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Thursday, April 1, 2010
Avoiding fixed assets

International markets saw positive returns during 2009. But on a three-year basis, the performance has been generally negative with only the J.P. Morgan Global Government Bond Index and cash (US dollar) showing positive returns.

In most advanced economies equity and property markets performed well last year, but cash and bond returns lagged considerably, observes Simon Pearse, CEO of Marriott Asset Management.
The outlook for the various asset classes is mixed. “Equity and property markets are still attractive while fixed interest assets should be avoided.”

International Real Estate

During 2009 Marriott Asset Management actively promoted quality international real estate as the income streams had become attractive with forward yields exceeding 6%. The GPR250 Real Estate Index returned 34% last year. “We are still of the view that this asset class is offering good value with forward dividend yields exceeding 5% and income growth being supported as the developed economies come out of the recession. We remain confident that exposure to the Marriott International Real Estate Fund will benefit investors,” says Pearse.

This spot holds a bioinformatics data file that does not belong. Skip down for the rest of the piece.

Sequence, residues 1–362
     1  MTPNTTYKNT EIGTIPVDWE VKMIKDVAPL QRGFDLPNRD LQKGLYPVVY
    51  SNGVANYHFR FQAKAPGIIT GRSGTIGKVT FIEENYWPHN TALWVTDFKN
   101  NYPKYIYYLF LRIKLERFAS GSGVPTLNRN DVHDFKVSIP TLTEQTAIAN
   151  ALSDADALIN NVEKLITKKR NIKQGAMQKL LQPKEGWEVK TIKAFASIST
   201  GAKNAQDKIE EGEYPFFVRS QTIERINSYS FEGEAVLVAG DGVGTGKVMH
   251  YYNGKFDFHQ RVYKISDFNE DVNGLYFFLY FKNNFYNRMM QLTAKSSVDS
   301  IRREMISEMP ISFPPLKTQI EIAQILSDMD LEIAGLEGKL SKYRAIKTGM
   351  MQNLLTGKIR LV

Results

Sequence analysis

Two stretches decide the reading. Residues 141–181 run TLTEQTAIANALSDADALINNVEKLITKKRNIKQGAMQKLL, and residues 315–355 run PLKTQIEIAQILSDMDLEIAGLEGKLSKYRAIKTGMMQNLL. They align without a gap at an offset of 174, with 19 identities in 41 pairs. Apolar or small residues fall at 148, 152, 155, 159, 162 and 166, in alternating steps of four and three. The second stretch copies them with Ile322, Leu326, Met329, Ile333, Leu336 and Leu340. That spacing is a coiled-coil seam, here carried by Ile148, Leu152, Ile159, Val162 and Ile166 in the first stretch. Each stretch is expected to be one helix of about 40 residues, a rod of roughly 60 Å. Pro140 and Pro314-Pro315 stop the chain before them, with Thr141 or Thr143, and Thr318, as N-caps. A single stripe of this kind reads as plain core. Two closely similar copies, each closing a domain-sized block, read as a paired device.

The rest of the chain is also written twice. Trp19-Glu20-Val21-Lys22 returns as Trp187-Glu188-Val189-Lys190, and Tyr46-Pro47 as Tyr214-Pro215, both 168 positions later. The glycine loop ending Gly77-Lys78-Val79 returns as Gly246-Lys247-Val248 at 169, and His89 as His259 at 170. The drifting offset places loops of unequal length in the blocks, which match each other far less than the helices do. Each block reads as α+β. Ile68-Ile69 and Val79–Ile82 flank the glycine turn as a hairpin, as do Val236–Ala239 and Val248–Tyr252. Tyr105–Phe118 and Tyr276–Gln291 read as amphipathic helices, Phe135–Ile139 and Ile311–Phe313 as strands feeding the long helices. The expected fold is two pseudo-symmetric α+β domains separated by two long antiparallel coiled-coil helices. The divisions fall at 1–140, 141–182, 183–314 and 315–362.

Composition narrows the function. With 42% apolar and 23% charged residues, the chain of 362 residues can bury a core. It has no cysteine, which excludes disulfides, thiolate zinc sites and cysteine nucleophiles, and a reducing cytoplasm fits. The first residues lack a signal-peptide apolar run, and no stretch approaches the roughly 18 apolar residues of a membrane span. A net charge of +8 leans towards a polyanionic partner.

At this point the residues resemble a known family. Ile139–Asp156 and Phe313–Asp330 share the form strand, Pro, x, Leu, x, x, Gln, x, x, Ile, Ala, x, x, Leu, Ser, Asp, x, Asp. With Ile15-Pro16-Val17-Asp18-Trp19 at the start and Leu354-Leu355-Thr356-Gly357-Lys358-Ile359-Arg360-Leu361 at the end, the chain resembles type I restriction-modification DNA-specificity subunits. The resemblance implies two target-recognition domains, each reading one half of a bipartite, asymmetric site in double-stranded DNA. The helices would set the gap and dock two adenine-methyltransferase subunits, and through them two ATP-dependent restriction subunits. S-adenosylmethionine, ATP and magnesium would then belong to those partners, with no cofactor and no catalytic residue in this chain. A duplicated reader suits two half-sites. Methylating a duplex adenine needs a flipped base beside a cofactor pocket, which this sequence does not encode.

International Bonds. With a general expectation of rising inflation in the global markets, it would be prudent to avoid US treasuries and long bonds in general.
International First World Large Cap Equities. There has been a marked recovery in the first world economies with equity markets having performed well during 2009. There is still real value in selected large capitalisation companies in the US, UK and Europe as the dividend yields remain high at around 4% and are supported by reliable dividend streams.

Copyright © Insurance Times and Investments® Vol:23.4 1st April, 2010
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